'Youth will drive democracy fight,' says media mogul Jimmy Lai
Jimmy Lai sees strong turnout for July 1 march and says his paper's campaign prompted threats
Media mogul Jimmy Lai Chee-ying thinks he knows why he has been subjected to bizarre threats in recent weeks - he says it's all about democracy.
It started on June 19, when the front gate of his house was rammed with a stolen car, and a man left an axe and machete in his driveway.
A week later, two masked men torched copies of the newspaper he owns, the Chinese-language Apple Daily, on board a delivery truck after forcing a pair of workers to leave the vehicle.
Lai suspects it has something to do with Monday's annual July 1 protest march, which he says could draw a crowd of more than 500,000 this year. "Our paper has been promoting democracy," Lai said in a radio interview yesterday. "Some people are angry about this. They think fighting for democracy and freedom for Hong Kong is against their principle of 'loving Hong Kong'."
He said he was not worried about the incidents because he did not believe they were serious.
Nor was he afraid of being jailed, he said, adding that he would participate in the Occupy Central protest next year, along with Democratic Party founder Martin Lee Chu-ming and Cardinal Joseph Zen Ze-kiun.
"The purpose of occupying Central is to be put in jail," he said. "We could stay in it until Hong Kong realises universal suffrage. Let them lock up Hong Kong's conscience."
The movement will blockade Central district in July next year if the government has not come up with a satisfactory plan to bring in universal suffrage for the chief executive poll in 2017.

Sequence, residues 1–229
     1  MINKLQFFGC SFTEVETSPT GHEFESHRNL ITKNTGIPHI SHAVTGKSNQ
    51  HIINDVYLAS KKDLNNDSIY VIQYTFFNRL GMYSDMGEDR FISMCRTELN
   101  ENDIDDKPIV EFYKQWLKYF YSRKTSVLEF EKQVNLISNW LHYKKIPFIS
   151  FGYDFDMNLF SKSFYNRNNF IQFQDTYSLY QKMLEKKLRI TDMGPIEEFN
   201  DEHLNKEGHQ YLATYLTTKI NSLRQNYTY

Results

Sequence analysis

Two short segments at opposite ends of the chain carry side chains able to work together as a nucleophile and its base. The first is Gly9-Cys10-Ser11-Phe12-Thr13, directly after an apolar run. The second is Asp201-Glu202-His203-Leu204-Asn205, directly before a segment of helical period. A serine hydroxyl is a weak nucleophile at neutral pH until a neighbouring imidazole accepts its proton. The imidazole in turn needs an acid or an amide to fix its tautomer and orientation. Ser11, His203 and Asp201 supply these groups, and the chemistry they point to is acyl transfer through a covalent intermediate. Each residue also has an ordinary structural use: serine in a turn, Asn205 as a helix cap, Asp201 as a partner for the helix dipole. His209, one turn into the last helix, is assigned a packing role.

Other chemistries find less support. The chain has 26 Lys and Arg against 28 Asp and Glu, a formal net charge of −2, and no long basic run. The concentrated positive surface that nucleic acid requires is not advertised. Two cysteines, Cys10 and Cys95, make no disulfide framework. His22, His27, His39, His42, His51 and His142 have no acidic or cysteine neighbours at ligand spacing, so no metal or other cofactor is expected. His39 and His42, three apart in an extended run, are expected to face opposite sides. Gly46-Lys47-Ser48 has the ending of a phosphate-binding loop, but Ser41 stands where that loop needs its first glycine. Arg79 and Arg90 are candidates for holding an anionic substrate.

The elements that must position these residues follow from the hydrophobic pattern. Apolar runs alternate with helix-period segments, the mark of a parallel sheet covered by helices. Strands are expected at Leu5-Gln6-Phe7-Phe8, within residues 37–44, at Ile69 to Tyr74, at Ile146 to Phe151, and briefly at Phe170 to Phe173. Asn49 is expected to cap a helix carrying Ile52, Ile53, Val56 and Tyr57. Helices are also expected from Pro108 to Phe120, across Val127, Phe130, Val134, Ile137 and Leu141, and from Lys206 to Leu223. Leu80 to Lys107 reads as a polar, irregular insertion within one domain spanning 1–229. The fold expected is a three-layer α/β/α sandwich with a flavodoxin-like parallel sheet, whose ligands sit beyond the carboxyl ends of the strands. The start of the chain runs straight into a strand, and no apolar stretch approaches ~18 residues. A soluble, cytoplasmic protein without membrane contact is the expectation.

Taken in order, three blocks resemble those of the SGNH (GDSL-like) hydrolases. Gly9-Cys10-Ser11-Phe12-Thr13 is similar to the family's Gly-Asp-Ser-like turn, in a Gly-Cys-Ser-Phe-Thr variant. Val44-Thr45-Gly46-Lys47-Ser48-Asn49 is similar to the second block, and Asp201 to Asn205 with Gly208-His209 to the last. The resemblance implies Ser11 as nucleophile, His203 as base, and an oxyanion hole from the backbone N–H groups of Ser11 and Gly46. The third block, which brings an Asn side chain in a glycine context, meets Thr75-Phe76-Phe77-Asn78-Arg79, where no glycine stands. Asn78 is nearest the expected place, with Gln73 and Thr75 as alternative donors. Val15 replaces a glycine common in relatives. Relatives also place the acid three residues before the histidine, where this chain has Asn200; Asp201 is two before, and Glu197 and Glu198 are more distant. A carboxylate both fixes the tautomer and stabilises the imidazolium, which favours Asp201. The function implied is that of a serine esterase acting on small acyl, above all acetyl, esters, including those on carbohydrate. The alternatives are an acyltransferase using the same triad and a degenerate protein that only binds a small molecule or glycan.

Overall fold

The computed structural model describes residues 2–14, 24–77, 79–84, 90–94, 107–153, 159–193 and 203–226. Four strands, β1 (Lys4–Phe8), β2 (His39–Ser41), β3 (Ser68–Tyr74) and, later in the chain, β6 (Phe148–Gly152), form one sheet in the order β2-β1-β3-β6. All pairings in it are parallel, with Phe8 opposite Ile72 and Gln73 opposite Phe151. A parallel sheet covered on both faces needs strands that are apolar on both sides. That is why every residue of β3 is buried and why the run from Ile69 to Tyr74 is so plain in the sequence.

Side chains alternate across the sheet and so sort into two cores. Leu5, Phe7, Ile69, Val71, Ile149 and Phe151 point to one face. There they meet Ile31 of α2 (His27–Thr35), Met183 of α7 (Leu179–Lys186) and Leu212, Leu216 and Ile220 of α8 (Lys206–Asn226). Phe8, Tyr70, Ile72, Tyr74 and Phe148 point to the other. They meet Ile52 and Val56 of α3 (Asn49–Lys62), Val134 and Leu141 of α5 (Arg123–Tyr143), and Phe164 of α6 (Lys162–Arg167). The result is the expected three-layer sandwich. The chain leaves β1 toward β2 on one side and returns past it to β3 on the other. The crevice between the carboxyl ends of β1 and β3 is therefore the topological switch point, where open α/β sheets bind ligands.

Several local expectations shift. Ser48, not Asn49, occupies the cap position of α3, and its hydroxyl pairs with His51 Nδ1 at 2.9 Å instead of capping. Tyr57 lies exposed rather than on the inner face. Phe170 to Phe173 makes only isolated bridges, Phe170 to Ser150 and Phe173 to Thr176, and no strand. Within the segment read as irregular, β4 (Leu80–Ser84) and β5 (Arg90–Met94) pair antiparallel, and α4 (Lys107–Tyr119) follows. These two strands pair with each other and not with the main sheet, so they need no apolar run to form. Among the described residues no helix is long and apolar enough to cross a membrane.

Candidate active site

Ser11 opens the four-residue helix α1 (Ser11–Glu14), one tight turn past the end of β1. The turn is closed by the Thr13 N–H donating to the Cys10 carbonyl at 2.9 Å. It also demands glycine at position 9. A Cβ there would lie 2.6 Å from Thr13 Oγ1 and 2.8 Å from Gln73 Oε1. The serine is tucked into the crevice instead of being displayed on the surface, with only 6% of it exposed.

Lai said he was proud of the city's youth and their sense of morality and responsibility, and they would be the driving force in the fight for universal suffrage.
"I think a lot of young people will join the march [on Monday]," he said.
"If we really love Hong Kong and love our next generation, we should come out and march."
He also urged executive councillor Regina Ip Lau Suk-yee and Legislative Council president Jasper Tsang Yok-sing to join the march this year.
Separately, 14 tertiary student groups have said they will band together with universal suffrage as their theme for the march - to press for democracy in academic institutions, education reform and a bigger share of land and resources. "We're not trying to bring down any individual leader, but to change the whole political system," said Johannie Tong Hiu-yan of the Federation of Social Work Students.
City University's student union chartered a bus for the event and it was fully booked, said president Max Lee Ho-yin. "We are confident a large number of students will join the march," he said. Another bus may be hired.
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